An American Teen In Iraq

By Justin Gardner | Related entries in Media, The World

No, he’s not a terrorist.

He’s all alone and the AP reports

As a junior this year at a Pine Crest School, a prep academy of about 700 students in Fort Lauderdale, Hassan studied writers like John McPhee in the book “The New Journalism,” an introduction to immersion journalism â€â€? a writer who lives the life of his subject in order to better understand it.

Diving headfirst into an assignment, Hassan, whose parents were born in Iraq but have lived in the United States for about 35 years, hung out at a local mosque. The teen, who says he has no religious affiliation, added that he even spent an entire night until 6 a.m. talking politics with a group of Muslim men, a level of “immersion” his teacher characterized as dangerous and irresponsible.

The next trimester his class was assigned to choose an international topic and write editorials about it, Hassan said. He chose the Iraq war and decided to practice immersion journalism there, too, though he knows his school in no way endorses his travels.

“I thought I’d go the extra mile for that, or rather, a few thousand miles,” he told The Associated Press.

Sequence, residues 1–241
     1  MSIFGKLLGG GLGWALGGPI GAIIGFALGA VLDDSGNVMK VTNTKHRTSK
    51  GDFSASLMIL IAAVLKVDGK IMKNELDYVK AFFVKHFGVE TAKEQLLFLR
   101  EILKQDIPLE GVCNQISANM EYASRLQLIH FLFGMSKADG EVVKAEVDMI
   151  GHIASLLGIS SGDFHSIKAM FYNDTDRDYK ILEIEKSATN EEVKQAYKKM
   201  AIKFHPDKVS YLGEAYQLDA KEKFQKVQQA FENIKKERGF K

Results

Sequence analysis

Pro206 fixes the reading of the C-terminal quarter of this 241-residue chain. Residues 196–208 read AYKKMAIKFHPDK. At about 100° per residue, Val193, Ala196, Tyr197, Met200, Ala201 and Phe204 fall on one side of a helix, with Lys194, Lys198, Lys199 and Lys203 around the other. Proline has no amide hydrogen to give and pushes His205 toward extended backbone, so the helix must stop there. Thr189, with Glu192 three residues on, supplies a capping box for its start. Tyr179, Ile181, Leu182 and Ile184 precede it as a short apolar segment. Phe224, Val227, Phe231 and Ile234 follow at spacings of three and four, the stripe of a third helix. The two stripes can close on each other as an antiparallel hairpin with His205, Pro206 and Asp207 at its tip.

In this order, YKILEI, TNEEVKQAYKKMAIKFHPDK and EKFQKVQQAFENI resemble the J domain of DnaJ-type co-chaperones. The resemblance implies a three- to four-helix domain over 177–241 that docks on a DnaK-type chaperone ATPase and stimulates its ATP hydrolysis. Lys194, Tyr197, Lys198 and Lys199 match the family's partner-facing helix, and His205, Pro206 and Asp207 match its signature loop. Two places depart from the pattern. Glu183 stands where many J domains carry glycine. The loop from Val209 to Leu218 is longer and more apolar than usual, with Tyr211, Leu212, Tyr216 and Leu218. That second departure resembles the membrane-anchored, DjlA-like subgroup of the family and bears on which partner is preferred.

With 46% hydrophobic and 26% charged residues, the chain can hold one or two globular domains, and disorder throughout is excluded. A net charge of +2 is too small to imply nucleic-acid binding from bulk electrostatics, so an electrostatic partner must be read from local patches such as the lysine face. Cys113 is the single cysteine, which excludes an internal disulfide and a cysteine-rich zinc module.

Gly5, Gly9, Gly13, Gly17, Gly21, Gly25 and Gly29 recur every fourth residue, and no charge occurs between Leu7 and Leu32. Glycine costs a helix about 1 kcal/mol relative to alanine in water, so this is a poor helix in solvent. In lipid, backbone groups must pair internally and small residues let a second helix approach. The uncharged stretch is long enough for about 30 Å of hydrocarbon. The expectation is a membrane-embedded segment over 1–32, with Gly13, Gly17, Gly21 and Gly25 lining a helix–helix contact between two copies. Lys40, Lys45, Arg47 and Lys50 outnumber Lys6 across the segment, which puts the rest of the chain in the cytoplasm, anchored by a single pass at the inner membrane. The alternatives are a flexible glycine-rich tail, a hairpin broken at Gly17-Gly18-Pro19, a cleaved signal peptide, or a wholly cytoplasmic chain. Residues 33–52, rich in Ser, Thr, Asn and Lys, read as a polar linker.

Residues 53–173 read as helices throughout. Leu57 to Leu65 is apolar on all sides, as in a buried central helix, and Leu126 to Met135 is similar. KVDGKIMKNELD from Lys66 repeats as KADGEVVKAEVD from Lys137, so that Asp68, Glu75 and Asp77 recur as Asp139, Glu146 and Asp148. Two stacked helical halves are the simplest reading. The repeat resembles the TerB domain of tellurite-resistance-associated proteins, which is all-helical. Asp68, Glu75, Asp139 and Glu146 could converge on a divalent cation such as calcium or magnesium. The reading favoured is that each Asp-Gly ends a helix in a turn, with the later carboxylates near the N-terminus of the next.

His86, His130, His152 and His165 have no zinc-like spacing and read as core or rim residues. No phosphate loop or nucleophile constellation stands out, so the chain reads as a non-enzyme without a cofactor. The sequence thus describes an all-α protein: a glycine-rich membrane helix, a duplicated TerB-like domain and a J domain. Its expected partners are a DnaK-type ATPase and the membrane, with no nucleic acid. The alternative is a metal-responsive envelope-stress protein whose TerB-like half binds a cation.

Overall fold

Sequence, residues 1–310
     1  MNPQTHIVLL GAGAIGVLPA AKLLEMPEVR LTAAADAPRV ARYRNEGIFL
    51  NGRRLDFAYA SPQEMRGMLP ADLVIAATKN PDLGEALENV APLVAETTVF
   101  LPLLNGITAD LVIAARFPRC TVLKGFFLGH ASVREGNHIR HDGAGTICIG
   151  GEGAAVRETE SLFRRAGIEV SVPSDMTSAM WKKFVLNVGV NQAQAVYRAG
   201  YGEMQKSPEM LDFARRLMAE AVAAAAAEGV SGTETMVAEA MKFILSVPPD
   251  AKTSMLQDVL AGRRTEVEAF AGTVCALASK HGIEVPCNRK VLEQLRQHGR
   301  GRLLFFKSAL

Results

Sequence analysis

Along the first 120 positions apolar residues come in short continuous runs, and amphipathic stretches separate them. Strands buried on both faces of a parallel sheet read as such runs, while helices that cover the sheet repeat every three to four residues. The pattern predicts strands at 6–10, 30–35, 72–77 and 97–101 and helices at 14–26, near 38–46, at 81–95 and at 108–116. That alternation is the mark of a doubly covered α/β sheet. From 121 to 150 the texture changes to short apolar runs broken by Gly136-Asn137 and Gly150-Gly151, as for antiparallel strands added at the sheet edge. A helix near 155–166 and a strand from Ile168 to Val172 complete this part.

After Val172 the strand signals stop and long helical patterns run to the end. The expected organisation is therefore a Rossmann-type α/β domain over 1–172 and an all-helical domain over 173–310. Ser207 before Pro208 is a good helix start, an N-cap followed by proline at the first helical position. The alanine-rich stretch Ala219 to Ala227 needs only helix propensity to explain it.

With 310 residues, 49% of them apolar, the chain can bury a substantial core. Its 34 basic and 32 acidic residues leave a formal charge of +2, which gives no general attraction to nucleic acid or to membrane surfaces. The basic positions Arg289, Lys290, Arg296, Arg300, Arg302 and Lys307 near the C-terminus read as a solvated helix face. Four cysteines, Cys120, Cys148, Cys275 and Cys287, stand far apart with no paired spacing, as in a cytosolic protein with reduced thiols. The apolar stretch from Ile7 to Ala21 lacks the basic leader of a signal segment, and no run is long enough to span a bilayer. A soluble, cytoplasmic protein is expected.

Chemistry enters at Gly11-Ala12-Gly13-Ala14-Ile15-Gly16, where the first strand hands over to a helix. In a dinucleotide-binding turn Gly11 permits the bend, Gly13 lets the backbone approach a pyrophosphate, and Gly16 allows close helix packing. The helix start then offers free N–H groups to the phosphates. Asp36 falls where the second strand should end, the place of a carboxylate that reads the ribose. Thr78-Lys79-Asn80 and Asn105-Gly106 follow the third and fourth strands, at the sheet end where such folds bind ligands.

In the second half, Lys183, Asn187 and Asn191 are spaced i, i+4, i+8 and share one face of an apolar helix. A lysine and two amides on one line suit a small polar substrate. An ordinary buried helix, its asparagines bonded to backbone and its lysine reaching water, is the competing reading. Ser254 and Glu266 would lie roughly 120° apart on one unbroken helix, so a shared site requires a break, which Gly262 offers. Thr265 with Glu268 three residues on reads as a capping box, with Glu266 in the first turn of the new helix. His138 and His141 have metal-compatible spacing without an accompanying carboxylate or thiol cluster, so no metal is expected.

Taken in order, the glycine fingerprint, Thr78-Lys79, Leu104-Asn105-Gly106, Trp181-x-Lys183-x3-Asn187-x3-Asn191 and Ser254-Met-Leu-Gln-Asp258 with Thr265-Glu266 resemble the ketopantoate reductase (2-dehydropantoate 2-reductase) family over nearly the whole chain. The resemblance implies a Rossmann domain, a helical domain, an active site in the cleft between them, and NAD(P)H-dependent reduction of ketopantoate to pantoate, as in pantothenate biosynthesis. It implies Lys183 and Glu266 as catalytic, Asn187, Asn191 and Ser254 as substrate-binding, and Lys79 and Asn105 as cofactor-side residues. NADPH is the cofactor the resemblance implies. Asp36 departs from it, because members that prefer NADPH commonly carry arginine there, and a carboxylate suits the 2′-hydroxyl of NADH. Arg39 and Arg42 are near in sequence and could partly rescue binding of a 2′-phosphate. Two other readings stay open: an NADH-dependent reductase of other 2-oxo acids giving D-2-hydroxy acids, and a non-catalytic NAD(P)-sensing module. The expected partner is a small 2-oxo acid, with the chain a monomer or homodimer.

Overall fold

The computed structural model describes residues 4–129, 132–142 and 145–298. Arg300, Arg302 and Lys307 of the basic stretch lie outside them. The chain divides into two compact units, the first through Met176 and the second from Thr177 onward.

And did he make it? Of course…

Using money his parents had given him at one point, he bought a $900 plane ticket and took off from school a week before Christmas vacation started, skipping classes and leaving the country on Dec. 11.

His goal: Baghdad. Those privy to his plans: two high school buddies.

Wow…the kid certainly has some…uh…courage.

Definitely read the whole thing.


This entry was posted on Friday, December 30th, 2005 and is filed under Media, The World. You can follow any responses to this entry through the RSS 2.0 feed. You can leave a response, or trackback from your own site.

2 Responses to “An American Teen In Iraq”

  1. BrianOfAtlanta Says:

    Reminds me of the old adage “Fools rush in where angels fear to tread.” He’s one very lucky (to still be alive) kid, albeit with a great story.

    So, when he’s grown and has his own kids, he’ll probably have to get his wife to tell them to not play in the street. I mean, if I were his kid I’d just say “Well, at least I’m not doing it in a war zone, Dad!”

  2. Cas Says:

    Good job.

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